But here’s the thing — the main reason that we believe, despite all evidence to the contrary, that there is good inside of Will Hunting is because Sean Maguire tells us that there is.  As I rewatched Good Will Hunting, I was surprised by just how good Robin Williams’s performance really was.  The compassionate psychologist has become such a stock character that there’s something truly enjoyable about watching an actor manage to find nuance and individuality in the familiar role.   Sean is such a kind and likable character (and Robin Williams gives such an empathetic performance) that we’re willing to give Will the benefit of the doubt as long as he is.  In Good Will Hunting, Robin Williams once again had the beard that gave him gravitas in Awakenings.  But he also had the saddest eyes.  It’s the eyes that you remember as you watch the film because it’s those eyes that tell us that Sean has had to overcome the type of pain that Will Hunting will never be capable of understanding.

It’s those eyes, more than anything, that convince us that there might be some good in Will Hunting.

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44 Days of Paranoia #30: Nixon (dir by Oliver Stone)


For our latest entry in the 44 Days of Paranoia, we take a look at Oliver Stone’s 1995 presidential biopic, Nixon.

Nixon tells the life story of our 37th President, Richard Nixon.  The only President to ever resign in order to avoid being impeached, Nixon remains a controversial figure to this day.  As portrayed in this film, Nixon (played by Anthony Hopkins) was an insecure, friendless child who was dominated by his ultra religious mother (Mary Steenburgen) and who lived in the shadow of his charismatic older brother (Tony Goldwyn).  After he graduated college, Nixon married Pat (Joan Allen), entered politics, made a name for himself as an anti-communist, and eventually ended up winning the U.S. presidency.  The film tells us that, regardless of his success, Nixon remained a paranoid and desperately lonely man who eventually allowed the sycophants on his staff (including James Woods) to break the law in an attempt to destroy enemies both real and imagined.  Along the way, Nixon deals with a shady businessman (Larry Hagman), who expects to be rewarded for supporting Nixon’s political career, and has an odd confrontation with a young anti-war protester who has figured out that Nixon doesn’t have half the power that everyone assumes he does.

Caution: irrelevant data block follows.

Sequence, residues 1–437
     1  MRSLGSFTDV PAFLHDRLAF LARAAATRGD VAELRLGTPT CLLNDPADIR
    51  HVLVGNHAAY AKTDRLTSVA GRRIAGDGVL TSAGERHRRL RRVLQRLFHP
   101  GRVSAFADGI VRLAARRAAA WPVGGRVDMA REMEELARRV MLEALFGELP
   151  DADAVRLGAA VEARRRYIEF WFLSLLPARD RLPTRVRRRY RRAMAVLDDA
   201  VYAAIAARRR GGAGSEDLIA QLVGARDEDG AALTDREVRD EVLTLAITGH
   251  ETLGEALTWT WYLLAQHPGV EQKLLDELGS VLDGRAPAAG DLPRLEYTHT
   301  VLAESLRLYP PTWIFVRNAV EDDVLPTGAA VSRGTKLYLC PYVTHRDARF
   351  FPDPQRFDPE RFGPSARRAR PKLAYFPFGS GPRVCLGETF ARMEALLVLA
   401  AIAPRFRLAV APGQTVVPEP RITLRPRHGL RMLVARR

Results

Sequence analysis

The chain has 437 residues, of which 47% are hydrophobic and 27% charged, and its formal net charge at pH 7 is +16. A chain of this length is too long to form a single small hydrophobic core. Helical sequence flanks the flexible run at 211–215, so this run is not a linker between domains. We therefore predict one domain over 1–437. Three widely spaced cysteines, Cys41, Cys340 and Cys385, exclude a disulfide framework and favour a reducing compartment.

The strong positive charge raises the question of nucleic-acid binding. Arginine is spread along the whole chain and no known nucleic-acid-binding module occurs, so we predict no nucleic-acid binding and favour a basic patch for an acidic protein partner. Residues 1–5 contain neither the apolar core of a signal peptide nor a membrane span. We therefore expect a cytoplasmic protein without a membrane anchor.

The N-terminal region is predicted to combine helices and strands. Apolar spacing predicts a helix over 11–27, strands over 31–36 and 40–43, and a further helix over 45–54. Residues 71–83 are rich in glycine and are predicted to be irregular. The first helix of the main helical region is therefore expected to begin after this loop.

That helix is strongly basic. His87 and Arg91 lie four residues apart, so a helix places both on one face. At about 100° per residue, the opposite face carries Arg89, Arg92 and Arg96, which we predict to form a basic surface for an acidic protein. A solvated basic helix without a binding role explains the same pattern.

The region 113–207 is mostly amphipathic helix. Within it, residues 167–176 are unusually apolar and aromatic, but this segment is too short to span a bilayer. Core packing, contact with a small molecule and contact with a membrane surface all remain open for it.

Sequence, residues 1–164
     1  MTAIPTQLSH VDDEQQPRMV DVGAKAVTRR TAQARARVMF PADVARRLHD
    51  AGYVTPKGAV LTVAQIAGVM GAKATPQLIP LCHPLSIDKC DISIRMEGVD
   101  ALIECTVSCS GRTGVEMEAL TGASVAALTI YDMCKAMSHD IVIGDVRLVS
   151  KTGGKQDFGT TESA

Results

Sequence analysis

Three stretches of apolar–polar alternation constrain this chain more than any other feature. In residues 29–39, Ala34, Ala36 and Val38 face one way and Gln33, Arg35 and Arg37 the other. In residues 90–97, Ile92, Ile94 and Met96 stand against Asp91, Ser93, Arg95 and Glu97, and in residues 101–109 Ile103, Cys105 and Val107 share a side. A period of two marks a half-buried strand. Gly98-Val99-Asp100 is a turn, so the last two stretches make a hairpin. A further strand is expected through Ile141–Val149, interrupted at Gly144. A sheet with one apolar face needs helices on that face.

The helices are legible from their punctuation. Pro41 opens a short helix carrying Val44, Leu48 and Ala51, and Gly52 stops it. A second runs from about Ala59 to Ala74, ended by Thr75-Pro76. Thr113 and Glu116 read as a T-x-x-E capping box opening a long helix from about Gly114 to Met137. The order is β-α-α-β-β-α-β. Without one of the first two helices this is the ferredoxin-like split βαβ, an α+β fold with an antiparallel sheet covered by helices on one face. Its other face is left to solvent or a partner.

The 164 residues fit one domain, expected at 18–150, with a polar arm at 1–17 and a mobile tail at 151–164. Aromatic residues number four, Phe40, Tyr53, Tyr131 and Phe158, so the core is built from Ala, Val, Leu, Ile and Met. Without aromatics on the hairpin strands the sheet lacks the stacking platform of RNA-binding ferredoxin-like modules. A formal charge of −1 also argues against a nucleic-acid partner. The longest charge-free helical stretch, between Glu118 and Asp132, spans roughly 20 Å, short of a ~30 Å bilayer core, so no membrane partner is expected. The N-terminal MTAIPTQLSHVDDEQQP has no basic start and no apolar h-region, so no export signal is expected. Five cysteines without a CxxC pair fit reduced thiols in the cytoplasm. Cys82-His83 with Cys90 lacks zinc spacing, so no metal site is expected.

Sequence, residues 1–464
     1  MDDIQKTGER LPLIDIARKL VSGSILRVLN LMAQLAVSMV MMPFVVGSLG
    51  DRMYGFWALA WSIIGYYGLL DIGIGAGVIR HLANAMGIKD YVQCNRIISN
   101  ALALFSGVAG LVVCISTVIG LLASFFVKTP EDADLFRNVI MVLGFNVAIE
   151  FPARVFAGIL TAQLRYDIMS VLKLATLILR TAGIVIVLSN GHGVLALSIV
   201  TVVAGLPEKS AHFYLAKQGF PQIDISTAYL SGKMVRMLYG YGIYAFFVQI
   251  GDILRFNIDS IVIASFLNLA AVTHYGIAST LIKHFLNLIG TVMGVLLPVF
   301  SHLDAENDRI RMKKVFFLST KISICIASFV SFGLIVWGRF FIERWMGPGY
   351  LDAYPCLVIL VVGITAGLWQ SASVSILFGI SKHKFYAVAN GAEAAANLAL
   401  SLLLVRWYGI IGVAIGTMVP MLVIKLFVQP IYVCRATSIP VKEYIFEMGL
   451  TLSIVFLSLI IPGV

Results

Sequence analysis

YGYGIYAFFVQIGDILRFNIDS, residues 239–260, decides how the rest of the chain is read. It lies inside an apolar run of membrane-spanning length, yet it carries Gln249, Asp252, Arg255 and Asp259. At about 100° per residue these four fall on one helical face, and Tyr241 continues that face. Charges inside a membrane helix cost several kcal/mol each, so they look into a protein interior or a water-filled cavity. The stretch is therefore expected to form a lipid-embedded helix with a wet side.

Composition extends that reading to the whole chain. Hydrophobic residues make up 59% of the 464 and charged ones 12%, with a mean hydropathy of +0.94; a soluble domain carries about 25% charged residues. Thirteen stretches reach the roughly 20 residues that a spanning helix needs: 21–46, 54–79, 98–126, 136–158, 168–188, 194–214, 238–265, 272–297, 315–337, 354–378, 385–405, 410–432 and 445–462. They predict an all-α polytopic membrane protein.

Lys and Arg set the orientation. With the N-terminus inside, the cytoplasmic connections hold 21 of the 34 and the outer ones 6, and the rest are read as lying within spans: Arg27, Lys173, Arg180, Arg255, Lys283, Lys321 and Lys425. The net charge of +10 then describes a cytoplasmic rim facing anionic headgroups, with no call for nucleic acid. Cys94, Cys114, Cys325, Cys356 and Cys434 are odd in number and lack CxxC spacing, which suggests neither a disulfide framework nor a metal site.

Considering that his last few films have been W., Wall Street: Money Never Sleeps, and SavagesI think it’s understandable that I’m often stunned to discover that, at one point in the distant past, Oliver Stone actually was a worthwhile director.  JFK, for instance, is effective propaganda.  Nixon, which feels a lot like an unofficial sequel to JFK, is a much messier film than JFK but — as opposed to something like Savages — it’s still watchable and occasionally even thought-provoking.  Thanks to Hopkins’ performance and, it must be admitted, Stone’s surprisingly even-handed approach to the character, Nixon challenges our assumptions about one of the most infamous and villified figures in American history.  It forces us to decide for ourselves whether Nixon was a monster or a victim of circumstances that spiraled out of his control.  If you need proof of the effectiveness of the film’s approach, just compare Stone’s work on Nixon with his work on his next Presidential biography, the far less effective W.

(I should admit, however, that I’m a political history nerd and therefore, this film was specifically designed to appeal to me.  For me, half the fun of Nixon was being able to go, “Oh, that’s supposed to be Nelson Rockefeller!”)

If I had to compare the experience of watching Nixon to anything, I would compare it to taking 10 capsules of Dexedrine and then staying up for five days straight without eating.  The film zooms from scene-to-scene, switching film stocks almost at random while jumping in and out of time, and not worrying too much about establishing any sort of narrative consistency.  Surprisingly nuanced domestic scenes between Anthony Hopkins and Joan Allen are followed by over-the-top scenes where Bob Hoskins lustily stares at a White House guard or Sam Waterston’s eyes briefly turn completely black as he discusses the existence of evil.  When Nixon gives his acceptance speech to the Republican Convention, the Republican delegates are briefly replaced by images of a world on fire.  Familiar actors wander through the film, most of them only popping up for a scene or two and then vanishing.  The end result is a film that both engages and exhausts the viewer, a hallucinatory journey through Stone’s version of American history.

Nixon is a mess but it’s a fascinating mess.

Other Entries In The 44 Days of Paranoia 

  1. Clonus
  2. Executive Action
  3. Winter Kills
  4. Interview With The Assassin
  5. The Trial of Lee Harvey Oswald
  6. JFK
  7. Beyond The Doors
  8. Three Days of the Condor
  9. They Saved Hitler’s Brain
  10. The Intruder
  11. Police, Adjective
  12. Burn After Reading
  13. Quiz Show
  14. Flying Blind
  15. God Told Me To
  16. Wag the Dog
  17. Cheaters
  18. Scream and Scream Again
  19. Capricorn One
  20. Seven Days In May
  21. Broken City
  22. Suddenly
  23. Pickup on South Street
  24. The Informer
  25. Chinatown
  26. Compliance
  27. The Lives of Others
  28. The Departed
  29. A Face In The Crowd